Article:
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The Human impact. Lonnie Thompson, Ohio State University . Melting of glaciers: During the last 27 years the Quelccaya glacier in Peru retracted. At its place a lake of melted water appeared. Kilimanjaro.

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Lonnie Thompson, Ohio State University

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Lonnie thompson ohio state university

The Human impact

Lonnie Thompson, Ohio State University

Melting of glaciers: During the last 27 years the Quelccaya glacier in Peru retracted. At its place a lake of melted water appeared

Kilimanjaro

Temperate regions: From 1990 to 2005 the Morteratsch glacier in the Bernina area (Switzerland) retracted several ten meters.


Lonnie thompson ohio state university

The pole caps

Duringthreeyears the north polar iceshieldsshrinked by about 30%.


Lonnie thompson ohio state university

http://www.ipcc.ch

http://www.grida.no/publications/


Lonnie thompson ohio state university

The worstcasescenario (steadyrise in CO2emissions

Predictedchanges in winterprecipitationup to 2100

Measuredtemperatures, precipitation and snowcover (northernhemisphere) since 1850.

Predicted changes in summer precipitation up to 2100


Lonnie thompson ohio state university

Global Average Sea Level Change 1990 to 2100


Lonnie thompson ohio state university

What is global change?

Major global environmental global changes

Climate changeClimate change is manifest through the increase of atmospheric CO2 and other greenhouse gases

Stratospheric ozone lossO3 protect us from the harmful effects of ultraviolet rays. It is destroyed by chlorofluorocarbons

Air pollution

Air pollution, once thought to be of only local importance (SMOG) has now become a global problem

Ocean pollutionPollution more and more reduce the ability of the world’s oceans to sustain life and to provide food

Fresh water issuesA rising number of countries has problems to provide it’s people with fresh water

Soil degradationOver the past 50 years, about 11% of the earth’s vegetated land surface has experienced moderate top extreme soil degradation

Biodiversity loss

Although estimates are very imprecise it seems clear that we are actually undergoing a phase of mass extinction.


Lonnie thompson ohio state university

White - red - jack pine

Spruce fire

Longleaf - slash pine

Loblolly - shortical pine

Oak - pine

Oak - hickory

Oak - gum - cypress

Elm - ash - cottonwood

Maple - beech - birch

Aspen - birch

-750

-500

-250

0

250

500

750

2

Area in 1000 km

Speciesdistributionmodelling

Potential change in area occupied by 10 North American forest types. Mean values of five climatic scenarios that gave similar results(modified from Iverson and Prasad2001, Ecosystems 4: 186-199).


Lonnie thompson ohio state university

1

0.9

0.8

0.7

Gaines

0.6

Rel. species turnover

0.5

2

R

= 0.27

0.4

0.3

2

R

= 0.58

0.2

0.1

Losses

0

0

2

4

6

8

10

Rank geographic position [north to south]

Data from Burns et al. (2003) Proc. Natl. Acd. Sci. USA 100: 11474-11477


Lonnie thompson ohio state university

0

0.2

0.4

0.6

0.8

1

Land use

Climate

N deposition

Biotic exchange

CO2

Major drivers on changes in biodiversity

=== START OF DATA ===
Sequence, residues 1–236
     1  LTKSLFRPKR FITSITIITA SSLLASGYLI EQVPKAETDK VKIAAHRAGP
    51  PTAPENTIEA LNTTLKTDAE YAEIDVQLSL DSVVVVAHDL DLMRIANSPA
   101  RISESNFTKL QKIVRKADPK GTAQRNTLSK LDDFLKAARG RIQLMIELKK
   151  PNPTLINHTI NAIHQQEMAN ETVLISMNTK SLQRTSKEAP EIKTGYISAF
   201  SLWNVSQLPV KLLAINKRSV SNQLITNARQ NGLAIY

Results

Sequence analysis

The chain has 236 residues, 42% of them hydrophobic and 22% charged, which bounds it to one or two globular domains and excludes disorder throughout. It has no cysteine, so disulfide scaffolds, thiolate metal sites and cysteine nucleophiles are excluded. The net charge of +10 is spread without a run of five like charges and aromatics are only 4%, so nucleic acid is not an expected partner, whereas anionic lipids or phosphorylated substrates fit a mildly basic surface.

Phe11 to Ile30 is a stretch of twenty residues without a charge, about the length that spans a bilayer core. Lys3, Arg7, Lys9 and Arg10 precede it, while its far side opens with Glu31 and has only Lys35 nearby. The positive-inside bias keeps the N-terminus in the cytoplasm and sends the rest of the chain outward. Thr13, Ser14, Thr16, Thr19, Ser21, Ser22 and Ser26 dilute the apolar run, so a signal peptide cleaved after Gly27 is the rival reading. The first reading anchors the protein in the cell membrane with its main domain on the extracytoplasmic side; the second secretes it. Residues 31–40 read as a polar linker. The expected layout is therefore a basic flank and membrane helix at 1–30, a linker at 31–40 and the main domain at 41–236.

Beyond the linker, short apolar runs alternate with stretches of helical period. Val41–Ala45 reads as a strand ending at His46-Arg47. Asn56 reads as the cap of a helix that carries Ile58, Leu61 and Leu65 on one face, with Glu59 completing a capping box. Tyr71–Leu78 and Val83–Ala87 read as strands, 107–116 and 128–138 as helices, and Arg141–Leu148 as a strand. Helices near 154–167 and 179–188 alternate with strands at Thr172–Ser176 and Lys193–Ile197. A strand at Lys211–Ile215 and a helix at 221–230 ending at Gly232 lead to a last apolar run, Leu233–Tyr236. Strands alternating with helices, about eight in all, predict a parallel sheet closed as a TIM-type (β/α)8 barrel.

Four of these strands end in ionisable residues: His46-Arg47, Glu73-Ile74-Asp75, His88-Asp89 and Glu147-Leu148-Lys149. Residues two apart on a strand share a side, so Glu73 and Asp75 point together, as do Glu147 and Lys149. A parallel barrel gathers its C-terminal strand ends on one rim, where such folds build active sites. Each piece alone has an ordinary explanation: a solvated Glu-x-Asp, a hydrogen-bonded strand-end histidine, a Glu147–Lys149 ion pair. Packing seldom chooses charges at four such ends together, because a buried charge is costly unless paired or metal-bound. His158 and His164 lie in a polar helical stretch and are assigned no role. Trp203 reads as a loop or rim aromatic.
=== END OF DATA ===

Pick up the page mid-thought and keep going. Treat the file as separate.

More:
Relative effects of major drivers on changes in biodiversity. Land use was given the value of 1.

Sala O. E. et al. 2000. Science 287: 1770-1774


Lonnie thompson ohio state university

Apine

Grassland

Arctic

Boreal

1

1

1

1

0.8

0.8

0.8

0.8

0.6

0.6

0.6

0.6

0.4

0.4

0.4

0.4

0.2

0.2

0.2

0.2

0

0

0

0

N

N

N

N

CO2

CO2

CO2

CO2

Climate

Climate

Climate

Climate

Land use

Land use

Land use

Land use

Exchange

Exchange

Exchange

Exchange

Lakes

Desert

Savanna

Mediteranean

1

1

1

1

0.8

0.8

0.8

0.8

0.6

0.6

0.6

0.6

0.4

0.4

0.4

0.4

0.2

0.2

0.2

0.2

0

0

0

0

N

N

N

N

CO2

CO2

CO2

CO2

Climate

Climate

Climate

Climate

Land use

Land use

Land use

Land use

Exchange

Exchange

Exchange

Exchange

Streams

Northern temperate forests

Southern temperate forests

Tropical forests

1

1

1

1

0.8

0.8

0.8

0.8

0.6

0.6

0.6

0.6

0.4

0.4

0.4

0.4

0.2

0.2

0.2

0.2

0

0

0

0

N

N

N

N

CO2

CO2

CO2

CO2

Climate

Climate

Climate

Climate

Land use

Land use

Land use

Land use

Exchange

Exchange

Exchange

Exchange

Effect of five important drivers on future biodiversity change for 12 terrestrial and freshwater ecosystems or biomes.

Sala O. E. et al. 2000. Science 287: 1770-1774


Lonnie thompson ohio state university

Relativeamounts of change under theassumptionthat major driversact independent


Lonnie thompson ohio state university

Relativeamounts of change under theassumptionthat major driversactsynergistic


Lonnie thompson ohio state university

Global biodiversity conservation priorities

CE: crisis ecoregions; BH: biodiversity hotspots; EBA: endemic rd areas; CPD: centers of plant diversity; MC: megadiversity countries; G200: global 200 ecoregions; HBWA: high biodiversity wilderness areas; FF: frontier forests; LW: last of the wild

From Brooks T. M. et al. 2006. Science 313:58-61


Lonnie thompson ohio state university

Spatialoverlap (percents) betweenninepriorityapproaches

Areas of potentialconservationvalueonlypartlyoverlap.

Depending on the criteriadifferentareasreceive high conservationvalues.

Thereis no unequivocalcriteriumwhicharea to protect.

From Brooks T. M. et al. (2006)


Lonnie thompson ohio state university

Primary causes of endangerment for 98 US plant species

Agriculture

Exotics

5%

6%

Grazing

Water control

11%

8%

Natural causes

Military

1%

1%

Trampling